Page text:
• The employer could take contribution holidays with respect to the DB component of the plan as there was nothing in the original plan text and trust which prohibited contribution holidays. Furthermore, for similar reasons, the surplus in the DB portion of the plan could be used to meet the employer’s contribution obligations under the DC component of the plan, provided the plan was properly structured so as to make the members of the DC component beneficiaries of the plan’s DB fund.
  • The conversion of a pension plan from a DB plan to a DC plan creates uncertainty and risk for the plan members. As such, it is an “adverse amendment” within the meaning of Ontario’s Pension Benefits Act and notice of the amendment must be given in accordance with Ontario’s pension legislation. Moreover, the Court of Appeal found that the notice provided in this case was not sufficient as it was misleading and incorrect. However, the consequences of such improper notice were not clear in this case.

Important Considerations for Pension Administration

This case will generally be viewed as positive for plan sponsors; but, as described below, employers and plan administrators need to be aware of and seek legal guidance about many potential trouble spots that remain.

Plan Documents Still Determinative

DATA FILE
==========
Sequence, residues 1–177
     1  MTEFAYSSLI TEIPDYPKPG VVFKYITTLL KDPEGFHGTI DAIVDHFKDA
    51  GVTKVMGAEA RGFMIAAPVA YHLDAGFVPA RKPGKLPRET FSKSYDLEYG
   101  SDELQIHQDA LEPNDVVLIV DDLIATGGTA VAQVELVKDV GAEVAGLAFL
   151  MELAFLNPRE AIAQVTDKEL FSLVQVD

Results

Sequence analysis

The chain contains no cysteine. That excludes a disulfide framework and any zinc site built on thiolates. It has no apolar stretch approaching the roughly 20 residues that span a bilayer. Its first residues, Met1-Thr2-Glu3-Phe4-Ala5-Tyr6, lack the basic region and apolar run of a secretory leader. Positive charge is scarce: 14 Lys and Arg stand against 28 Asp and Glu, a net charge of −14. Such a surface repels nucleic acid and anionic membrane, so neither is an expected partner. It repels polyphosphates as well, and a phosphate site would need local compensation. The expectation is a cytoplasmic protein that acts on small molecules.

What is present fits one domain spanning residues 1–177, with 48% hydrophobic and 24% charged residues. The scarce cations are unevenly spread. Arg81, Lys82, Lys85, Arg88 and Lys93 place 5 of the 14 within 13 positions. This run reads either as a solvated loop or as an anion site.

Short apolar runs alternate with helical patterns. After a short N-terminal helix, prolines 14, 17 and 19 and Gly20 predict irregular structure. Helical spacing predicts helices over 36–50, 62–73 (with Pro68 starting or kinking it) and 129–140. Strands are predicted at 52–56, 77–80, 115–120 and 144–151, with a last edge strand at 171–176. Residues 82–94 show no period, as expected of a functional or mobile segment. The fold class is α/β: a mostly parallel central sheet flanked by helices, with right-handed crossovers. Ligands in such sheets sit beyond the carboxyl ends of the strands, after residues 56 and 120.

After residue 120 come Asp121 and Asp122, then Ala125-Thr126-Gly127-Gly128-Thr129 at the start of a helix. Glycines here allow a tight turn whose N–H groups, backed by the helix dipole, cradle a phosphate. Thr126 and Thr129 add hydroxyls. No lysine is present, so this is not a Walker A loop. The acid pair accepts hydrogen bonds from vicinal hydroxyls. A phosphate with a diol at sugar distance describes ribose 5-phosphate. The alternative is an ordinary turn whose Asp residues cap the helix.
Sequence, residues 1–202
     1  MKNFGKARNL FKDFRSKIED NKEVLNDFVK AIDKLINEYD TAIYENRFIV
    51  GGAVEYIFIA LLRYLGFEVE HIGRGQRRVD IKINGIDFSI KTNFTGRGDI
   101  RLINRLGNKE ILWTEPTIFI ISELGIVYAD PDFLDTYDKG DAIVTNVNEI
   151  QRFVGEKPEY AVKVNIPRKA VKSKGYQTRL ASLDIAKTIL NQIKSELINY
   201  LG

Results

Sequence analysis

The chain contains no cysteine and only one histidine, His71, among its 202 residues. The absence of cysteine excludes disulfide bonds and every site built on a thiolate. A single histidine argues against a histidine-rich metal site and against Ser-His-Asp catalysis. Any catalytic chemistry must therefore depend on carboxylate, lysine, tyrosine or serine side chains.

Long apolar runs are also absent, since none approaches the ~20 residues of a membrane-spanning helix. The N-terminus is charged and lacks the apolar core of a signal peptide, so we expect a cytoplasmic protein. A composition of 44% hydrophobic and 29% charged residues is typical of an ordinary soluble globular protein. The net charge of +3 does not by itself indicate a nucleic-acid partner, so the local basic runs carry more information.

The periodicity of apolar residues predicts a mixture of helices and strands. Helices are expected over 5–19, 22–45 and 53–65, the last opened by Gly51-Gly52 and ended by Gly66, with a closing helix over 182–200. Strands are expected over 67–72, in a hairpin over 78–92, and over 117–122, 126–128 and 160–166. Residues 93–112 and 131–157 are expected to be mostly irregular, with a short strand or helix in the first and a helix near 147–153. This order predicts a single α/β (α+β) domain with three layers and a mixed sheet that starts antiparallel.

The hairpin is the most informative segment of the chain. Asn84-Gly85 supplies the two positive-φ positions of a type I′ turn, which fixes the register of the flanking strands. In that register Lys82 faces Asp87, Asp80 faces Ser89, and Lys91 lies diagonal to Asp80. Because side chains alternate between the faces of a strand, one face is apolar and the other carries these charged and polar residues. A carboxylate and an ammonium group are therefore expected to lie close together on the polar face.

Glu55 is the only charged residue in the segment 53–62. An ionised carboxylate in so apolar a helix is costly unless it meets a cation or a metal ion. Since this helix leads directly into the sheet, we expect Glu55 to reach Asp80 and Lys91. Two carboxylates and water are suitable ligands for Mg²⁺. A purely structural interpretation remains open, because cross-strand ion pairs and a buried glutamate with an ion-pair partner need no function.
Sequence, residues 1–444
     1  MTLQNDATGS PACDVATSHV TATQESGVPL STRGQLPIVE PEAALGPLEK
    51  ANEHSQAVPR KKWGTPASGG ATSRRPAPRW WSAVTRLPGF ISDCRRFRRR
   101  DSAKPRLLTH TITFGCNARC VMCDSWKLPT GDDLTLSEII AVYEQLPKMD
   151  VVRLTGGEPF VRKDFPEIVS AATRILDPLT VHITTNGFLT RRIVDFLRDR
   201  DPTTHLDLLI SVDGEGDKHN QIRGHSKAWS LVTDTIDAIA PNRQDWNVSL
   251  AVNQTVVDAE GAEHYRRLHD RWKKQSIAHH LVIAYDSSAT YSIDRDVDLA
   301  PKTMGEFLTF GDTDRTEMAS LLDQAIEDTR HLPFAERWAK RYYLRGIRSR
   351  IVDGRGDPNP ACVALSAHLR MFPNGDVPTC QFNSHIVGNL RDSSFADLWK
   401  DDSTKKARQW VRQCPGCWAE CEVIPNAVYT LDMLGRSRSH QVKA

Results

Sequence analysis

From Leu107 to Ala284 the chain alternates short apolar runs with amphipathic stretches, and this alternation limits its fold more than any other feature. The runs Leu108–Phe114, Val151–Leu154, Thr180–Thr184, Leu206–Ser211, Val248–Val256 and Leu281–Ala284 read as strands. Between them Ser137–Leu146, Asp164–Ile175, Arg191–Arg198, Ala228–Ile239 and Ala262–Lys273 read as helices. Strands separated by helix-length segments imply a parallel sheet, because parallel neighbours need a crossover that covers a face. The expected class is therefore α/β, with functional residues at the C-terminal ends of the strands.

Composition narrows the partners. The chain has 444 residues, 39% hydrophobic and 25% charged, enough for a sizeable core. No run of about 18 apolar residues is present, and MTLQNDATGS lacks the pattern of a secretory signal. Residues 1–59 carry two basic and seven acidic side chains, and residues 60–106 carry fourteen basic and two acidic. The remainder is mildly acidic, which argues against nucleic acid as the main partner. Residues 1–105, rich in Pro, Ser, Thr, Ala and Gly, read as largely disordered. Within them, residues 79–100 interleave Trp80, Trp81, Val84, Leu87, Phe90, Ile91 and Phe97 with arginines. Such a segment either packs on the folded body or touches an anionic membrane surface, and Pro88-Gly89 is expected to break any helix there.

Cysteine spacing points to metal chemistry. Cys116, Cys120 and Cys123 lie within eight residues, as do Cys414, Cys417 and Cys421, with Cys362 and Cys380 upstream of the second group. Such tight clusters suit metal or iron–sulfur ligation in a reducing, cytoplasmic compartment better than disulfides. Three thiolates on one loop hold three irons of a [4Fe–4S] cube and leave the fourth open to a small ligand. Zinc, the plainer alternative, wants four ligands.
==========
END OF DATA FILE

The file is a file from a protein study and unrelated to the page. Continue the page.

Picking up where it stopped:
The Court of Appeal made it clear that the historic wording of plan and trust documents continues to be the key determinant when considering the ability of employers to pay plan administration expenses from the plan fund and take contribution holidays. If plan expenses are being charged to the plan fund or if contribution holidays are being taken, plan sponsors should consider having their prior plan texts and trust agreements reviewed to ensure that such activities are not inconsistent with such historic plan documents.

Not All Expenses Can Be Charged to the Fund

Even where plan language permits the payment of expenses from the plan fund, the Court of Appeal’s reasoning suggests that only those expenses incurred by the sponsor in its role as administrator (as opposed to its role as employer) can be charged to the plan fund. Thus, plan sponsors seeking to have expenses paid from the plan should be reviewing plan expenses to determine whether such expenses were incurred by the plan sponsor as employer or as administrator.